Dun & Bradstreet Holdings Inc. reported a slight increase in revenue and flat earnings for the second quarter.
Of course, the business data firm’s big news in the second quarter was its May 20 announcement that it is moving its corporate headquarters to Jacksonville.
“We look to leverage this strategic location to help us to continue to innovate and grow, as well as benefit from substantial state and local financial incentives that made this move an easy one,” CEO Anthony Jabbour said in Dun & Bradstreet’s Aug. 3 conference call with analysts.
Dun & Bradstreet is getting $25 million in city and state incentives to move to Jacksonville, with the promise of hiring 500 people.
Jabbour is also CEO of Jacksonville-based mortgage technology firm Black Knight Inc. Responding to an analyst’s question, Jabbour said that was a factor in the move.
“With the headquarters change, I’ll certainly have more time to put towards Dun & Bradstreet, less time traveling. So that was a bonus in addition to the financial incentives that we’ve got in terms of moving headquarters and giving us some of the great pool of talent to go after. So that was a key part of it,” he said.
Dun & Bradstreet bought a 218,700-square-foot office building June 30 for $76.6 million for its headquarters.
The building, called Town Center II, is across Butler Boulevard from the St. Johns Town Center. It was built in 2019 as the headquarters for Jacksonville-based Web.com
Web.com, now known as Newfold Digital Inc., and SoFi occupy space in the building.
Dun & Bradstreet’s quarterly report filed with the Securities and Exchange Commission said the company will receive $14 million in rent from “the existing tenant” over the next 10 years, but it didn’t specify which tenant.
The company’s Aug. 3 news release of its earnings had a Jacksonville dateline, but its headquarters is still officially listed with the SEC as Short Hills, New Jersey.
It is expected to move into the new office before the end of summer.
Dun & Bradstreet reported revenue rose 24.4% to $520.9 million in the second quarter, largely because of its acquisition of Bisnode Business Information Group AB, a European data and analytics firm based in Sweden.
Dun & Bradstreet paid $806 million in cash and stock to acquire Bisnode in January.
Aside from the acquisition, organic revenue rose 3.3% in the quarter.
Adjusted earnings of 25 cents a share were a penny lower than the second quarter of 2020.
Fidelity earnings surge 91%
Black Knight is a significant investor in Dun & Bradstreet with 12.7% of the stock, and investment firm Cannae Holdings Inc. owns 17.8%. Both Black Knight and Cannae were spun off from Jacksonville-based title insurance firm Fidelity National Financial Inc.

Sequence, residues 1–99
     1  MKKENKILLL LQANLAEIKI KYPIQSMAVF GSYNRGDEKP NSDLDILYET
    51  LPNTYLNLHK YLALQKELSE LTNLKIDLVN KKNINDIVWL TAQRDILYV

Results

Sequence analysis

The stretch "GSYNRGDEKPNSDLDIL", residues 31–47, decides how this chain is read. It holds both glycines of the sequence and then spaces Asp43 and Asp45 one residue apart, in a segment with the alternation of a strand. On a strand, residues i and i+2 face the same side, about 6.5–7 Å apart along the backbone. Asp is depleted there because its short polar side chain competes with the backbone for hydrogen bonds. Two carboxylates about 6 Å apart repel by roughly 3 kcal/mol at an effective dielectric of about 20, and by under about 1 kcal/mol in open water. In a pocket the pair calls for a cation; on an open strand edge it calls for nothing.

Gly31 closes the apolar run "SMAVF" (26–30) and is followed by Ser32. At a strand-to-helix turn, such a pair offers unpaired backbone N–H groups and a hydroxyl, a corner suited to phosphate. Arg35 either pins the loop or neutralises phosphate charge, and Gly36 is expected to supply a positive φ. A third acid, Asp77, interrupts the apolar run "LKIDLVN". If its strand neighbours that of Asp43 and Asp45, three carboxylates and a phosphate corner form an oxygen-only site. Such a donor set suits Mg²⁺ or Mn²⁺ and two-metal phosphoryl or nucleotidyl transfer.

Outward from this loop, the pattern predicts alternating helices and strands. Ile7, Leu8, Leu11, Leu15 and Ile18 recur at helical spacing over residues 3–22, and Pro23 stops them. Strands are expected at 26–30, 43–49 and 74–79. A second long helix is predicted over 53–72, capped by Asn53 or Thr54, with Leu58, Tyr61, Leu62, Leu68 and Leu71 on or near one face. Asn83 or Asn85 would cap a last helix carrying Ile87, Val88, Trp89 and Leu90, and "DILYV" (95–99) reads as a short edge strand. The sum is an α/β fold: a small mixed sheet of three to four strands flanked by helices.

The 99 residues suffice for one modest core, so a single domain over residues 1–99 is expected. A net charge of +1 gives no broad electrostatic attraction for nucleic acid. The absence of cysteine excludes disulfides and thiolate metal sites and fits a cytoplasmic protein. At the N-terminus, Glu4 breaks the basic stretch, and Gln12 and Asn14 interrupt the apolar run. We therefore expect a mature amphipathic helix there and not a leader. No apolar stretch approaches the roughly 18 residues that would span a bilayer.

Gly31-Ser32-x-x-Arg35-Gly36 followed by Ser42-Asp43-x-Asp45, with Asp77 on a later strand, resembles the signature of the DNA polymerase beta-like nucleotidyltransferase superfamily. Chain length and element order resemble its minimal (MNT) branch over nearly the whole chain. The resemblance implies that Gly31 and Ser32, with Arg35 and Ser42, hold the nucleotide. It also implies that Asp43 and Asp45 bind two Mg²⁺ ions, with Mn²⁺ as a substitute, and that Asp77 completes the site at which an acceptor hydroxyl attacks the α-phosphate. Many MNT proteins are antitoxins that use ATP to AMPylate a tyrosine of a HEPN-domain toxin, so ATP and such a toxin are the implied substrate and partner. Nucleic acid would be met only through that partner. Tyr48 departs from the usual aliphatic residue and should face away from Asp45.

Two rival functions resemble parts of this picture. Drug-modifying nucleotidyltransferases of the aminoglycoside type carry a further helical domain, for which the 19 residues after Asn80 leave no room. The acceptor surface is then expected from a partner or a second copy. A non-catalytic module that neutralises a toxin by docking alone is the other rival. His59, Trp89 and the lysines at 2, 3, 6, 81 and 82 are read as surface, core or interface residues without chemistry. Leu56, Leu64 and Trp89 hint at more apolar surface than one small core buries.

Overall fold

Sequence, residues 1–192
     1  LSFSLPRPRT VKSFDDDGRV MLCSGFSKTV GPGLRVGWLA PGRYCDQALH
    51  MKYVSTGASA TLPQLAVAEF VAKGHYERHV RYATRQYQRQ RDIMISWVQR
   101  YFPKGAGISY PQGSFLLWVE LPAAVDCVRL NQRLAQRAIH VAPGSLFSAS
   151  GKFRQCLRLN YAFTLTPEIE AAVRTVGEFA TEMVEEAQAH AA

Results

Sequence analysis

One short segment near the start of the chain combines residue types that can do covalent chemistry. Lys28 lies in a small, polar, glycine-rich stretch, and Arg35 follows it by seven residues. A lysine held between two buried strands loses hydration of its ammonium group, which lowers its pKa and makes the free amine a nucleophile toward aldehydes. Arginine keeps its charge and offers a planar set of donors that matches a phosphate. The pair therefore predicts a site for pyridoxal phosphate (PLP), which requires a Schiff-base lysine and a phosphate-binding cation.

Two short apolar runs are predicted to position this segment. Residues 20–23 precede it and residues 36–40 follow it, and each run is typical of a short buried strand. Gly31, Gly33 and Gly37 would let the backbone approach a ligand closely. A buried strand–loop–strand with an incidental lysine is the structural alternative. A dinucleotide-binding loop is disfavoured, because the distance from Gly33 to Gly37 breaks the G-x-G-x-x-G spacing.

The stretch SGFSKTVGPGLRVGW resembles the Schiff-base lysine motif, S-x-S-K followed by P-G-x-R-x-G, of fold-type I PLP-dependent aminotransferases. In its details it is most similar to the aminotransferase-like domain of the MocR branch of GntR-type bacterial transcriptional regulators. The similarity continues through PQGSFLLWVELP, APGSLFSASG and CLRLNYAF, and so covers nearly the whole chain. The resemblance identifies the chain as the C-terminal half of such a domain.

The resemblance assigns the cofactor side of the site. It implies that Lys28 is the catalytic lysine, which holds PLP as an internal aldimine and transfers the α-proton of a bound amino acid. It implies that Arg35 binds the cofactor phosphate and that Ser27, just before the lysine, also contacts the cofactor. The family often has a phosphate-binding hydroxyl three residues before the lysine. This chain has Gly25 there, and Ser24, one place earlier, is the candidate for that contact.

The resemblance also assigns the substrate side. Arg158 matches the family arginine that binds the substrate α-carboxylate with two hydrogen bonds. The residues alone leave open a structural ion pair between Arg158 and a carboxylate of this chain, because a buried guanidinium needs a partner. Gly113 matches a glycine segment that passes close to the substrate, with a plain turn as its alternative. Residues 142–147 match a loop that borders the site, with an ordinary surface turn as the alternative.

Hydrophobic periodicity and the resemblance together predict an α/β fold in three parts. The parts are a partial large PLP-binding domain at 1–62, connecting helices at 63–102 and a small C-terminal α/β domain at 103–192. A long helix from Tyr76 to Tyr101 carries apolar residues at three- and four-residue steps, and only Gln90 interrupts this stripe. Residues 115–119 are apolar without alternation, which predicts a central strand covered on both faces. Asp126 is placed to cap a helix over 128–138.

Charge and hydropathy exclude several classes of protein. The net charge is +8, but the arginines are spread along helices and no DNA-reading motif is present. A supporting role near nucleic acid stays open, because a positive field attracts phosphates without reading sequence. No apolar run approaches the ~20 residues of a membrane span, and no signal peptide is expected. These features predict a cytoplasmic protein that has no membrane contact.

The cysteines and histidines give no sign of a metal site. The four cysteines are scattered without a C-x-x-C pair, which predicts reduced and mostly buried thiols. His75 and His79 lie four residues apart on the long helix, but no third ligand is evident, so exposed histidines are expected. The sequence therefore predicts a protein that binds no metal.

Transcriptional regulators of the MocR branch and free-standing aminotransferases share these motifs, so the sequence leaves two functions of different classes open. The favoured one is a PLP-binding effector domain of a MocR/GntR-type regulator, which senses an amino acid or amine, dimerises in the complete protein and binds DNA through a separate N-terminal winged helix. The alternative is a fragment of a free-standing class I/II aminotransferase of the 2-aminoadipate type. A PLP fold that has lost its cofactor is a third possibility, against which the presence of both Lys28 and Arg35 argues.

Fidelity Aug. 3 reported second-quarter adjusted earnings from continuing operations of $2.06 a share, up from $1.08 the previous year, a 91% increase.
Revenue jumped 59% to $3.85 billion.
Fidelity’s results were helped by the acquisition last year of annuity and life insurance company F&G, Chairman Bill Foley said in a news release.
“We are building a company that has a financial model designed to deliver earnings and cash flow through changing market environments. One year in, we can already see the early signs of our success,” he said.
Fidelity’s core title insurance business also did well in the quarter, with revenue growing 49% to $3 billion.
Fidelity also said Aug. 3 it is increasing its quarterly cash dividend by 4 cents a share to 40 cents.
Foley said the increase is part of the company’s strategy of “returning capital to shareholders, while making necessary investments in our businesses to drive growth.”
Foley is also chairman of Dun & Bradstreet but Fidelity is not an investor in the business data company.
FIS revenue, earnings increase
Another company spun off from Fidelity National Financial, Jacksonville-based Fidelity National Information Services Inc., reported Aug. 3 a big increase in second-quarter earnings.
The financial technology company known as FIS said revenue rose 17% to $3.48 billion and earnings rose by 46 cents a share to $1.61.
CEO Gary Norcross said in the company’s conference call that investments made in new technology during the pandemic are helping FIS gain clients and grow revenue.
Reuters news service reported two weeks ago that FIS is seeking to sell parts of its business that provides technology for capital markets services. When asked by an analyst about that, Norcross said he wouldn’t comment on rumors but gave some hints about the company’s plans.
“We signaled recently that we pushed some things into our other segment as non-strategic. Would we divest things in the portfolio that don’t fit our overall strategy? We’ve done that historically,” he said.
FRP Holdings seeks infrastructure benefits
FRP Holdings Inc. is mainly a commercial real estate developer, but the Jacksonville-based company also owns land leased for mining to construction materials businesses.